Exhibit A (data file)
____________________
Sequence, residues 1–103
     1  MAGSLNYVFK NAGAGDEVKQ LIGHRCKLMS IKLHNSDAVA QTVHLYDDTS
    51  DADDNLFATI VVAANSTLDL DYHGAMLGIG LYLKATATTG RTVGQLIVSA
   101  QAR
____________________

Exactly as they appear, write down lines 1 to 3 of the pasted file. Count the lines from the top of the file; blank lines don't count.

Sequence, residues 1–103
     1  MAGSLNYVFK NAGAGDEVKQ LIGHRCKLMS IKLHNSDAVA QTVHLYDDTS
    51  DADDNLFATI VVAANSTLDL DYHGAMLGIG LYLKATATTG RTVGQLIVSA